Here’s a simple MBA lesson: borrow money to buy things that go up in value.
Borrow money if it improves your productivity and makes you more money.
Leverage multiplies the power of your business because with leverage, every rand you make in profit is multiplied.
That’s very different from the consumer version of this lesson: borrow money to buy things that go down in value. This is wrongheaded, short-term and irrational.
A few decades ago, mass marketers had a problem: Consumers had bought all they could buy. It was hard to grow because dispensable income was spoken for. The only way to grow was to steal market share, and that’s difficult. Enter consumer debt.
Why fight for a bigger piece of pie when you can make the whole pie bigger, the marketers think: introduce consumer debt and make the pie bigger. Swipe it, Charge it, they say. Put it on your card. Pay now, why not, it’s like it’s free, because you don’t have to repay it until later. Why buy a Honda for cash when you can buy a Mercedes with credit?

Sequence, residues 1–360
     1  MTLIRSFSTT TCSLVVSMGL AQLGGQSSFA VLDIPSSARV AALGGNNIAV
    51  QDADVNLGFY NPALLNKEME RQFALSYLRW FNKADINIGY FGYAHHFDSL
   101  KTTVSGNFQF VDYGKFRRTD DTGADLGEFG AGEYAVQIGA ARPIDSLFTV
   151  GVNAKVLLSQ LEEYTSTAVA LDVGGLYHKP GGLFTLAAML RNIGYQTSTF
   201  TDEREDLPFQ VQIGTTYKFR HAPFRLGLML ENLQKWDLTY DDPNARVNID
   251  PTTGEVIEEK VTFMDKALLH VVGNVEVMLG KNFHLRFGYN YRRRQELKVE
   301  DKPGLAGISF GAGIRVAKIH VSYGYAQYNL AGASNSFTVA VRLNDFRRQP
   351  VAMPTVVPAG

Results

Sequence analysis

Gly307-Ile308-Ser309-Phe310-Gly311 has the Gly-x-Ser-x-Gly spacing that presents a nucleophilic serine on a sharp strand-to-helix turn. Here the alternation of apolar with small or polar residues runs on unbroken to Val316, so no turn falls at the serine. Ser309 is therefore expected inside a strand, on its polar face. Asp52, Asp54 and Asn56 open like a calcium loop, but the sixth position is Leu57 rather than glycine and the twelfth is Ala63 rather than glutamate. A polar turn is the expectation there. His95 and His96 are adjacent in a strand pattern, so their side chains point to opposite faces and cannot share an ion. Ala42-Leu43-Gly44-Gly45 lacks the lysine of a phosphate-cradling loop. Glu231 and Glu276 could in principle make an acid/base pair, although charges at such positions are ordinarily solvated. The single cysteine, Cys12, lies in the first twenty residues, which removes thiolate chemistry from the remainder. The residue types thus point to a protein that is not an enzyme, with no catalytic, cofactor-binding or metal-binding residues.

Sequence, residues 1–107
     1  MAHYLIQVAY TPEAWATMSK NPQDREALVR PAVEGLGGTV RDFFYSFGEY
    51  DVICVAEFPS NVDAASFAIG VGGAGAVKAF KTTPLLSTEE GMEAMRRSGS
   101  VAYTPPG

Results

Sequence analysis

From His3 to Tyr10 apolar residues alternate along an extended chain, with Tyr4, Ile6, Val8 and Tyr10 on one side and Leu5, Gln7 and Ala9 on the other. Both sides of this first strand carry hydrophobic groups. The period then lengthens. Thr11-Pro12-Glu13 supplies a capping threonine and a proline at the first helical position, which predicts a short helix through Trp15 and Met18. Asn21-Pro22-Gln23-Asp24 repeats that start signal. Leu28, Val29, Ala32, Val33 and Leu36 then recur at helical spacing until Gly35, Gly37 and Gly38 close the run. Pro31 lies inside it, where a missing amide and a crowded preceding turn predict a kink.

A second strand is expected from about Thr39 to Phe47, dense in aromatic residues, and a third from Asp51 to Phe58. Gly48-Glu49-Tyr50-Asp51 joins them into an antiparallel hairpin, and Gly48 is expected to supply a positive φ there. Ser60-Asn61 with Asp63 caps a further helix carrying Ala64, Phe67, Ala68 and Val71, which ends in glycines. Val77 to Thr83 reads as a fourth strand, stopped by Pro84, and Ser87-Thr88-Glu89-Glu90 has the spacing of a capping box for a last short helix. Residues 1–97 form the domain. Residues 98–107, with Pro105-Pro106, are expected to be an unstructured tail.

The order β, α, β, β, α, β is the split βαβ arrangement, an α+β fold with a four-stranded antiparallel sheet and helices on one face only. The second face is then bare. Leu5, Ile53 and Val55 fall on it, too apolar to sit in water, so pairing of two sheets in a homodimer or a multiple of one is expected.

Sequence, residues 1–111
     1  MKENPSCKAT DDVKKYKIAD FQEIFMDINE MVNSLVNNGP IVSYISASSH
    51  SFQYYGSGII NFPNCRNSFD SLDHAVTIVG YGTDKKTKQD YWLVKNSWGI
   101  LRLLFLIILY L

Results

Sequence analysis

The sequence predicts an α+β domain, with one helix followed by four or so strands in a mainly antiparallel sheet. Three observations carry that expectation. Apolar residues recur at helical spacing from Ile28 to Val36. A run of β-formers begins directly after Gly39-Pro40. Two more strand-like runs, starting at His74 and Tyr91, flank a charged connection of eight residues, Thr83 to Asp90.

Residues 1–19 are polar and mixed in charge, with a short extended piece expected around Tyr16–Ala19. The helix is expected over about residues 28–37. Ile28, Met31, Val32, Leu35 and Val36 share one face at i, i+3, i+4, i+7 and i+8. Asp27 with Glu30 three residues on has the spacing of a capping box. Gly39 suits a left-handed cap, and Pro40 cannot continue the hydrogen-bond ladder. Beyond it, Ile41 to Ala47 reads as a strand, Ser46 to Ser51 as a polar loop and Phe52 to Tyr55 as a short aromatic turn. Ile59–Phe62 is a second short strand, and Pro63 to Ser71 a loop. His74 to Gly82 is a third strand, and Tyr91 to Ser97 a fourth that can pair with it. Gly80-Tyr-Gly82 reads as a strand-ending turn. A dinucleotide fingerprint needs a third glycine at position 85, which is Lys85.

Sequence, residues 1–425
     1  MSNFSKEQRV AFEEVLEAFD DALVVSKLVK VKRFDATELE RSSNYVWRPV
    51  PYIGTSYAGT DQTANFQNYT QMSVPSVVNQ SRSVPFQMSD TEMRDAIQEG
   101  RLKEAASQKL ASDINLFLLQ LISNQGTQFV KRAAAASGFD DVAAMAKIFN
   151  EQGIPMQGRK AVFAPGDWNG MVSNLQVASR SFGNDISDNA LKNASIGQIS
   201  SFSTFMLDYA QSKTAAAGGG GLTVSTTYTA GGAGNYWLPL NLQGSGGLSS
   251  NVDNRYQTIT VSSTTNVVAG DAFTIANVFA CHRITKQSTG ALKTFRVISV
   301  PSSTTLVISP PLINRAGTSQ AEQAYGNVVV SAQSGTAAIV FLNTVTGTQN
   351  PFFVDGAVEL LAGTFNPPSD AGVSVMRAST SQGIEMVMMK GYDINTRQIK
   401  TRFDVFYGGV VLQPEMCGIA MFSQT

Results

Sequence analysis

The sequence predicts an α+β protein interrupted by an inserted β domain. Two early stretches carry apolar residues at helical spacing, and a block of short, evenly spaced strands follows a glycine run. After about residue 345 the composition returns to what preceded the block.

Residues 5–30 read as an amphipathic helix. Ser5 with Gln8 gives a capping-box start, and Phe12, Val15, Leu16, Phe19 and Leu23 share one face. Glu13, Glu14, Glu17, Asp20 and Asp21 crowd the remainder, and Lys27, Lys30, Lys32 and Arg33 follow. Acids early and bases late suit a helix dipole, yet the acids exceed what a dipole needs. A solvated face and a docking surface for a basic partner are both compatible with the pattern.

One argument is income shifting: you are going to make a lot of money later, so borrow now so you can have a nicer car, etc. Then, when money is worth less to you, you can pay it back. This idea is actually reasonably new, fifty years or so and it’s not borne out by what actually happens.
Debt creates stress, stress creates behaviors that don’t lead to happiness.
The other argument is that it’s been around so long, it’s like a trusted friend. Debt seems like fun for a long time, until it’s not. And everyone does it. We have been sold very hard on: buy now = happiness, and consumer debt is the engine that permits this. Until it doesn’t.
The thing is, debt has become a marketed product in and of itself. It’s not a free service or a convenience, it’s a massive industry. And that industry works with all the other players in the system to grow, because (at least for now) when they grow, other marketers benefit as well.
Unlike in most African states who are on a cash basis, South Africa is a credit nation. The system forces you to have debt. Having no debt limits you to a number of things. The system is interwoven that the all institutions offering credit belong to two or three credit rating organisations.
As soon as you get into serious consumer debt, you work for them, not for you.
It’s simple: when the value of what you want (however you measure it) is less than the cost of the debt, don’t buy it.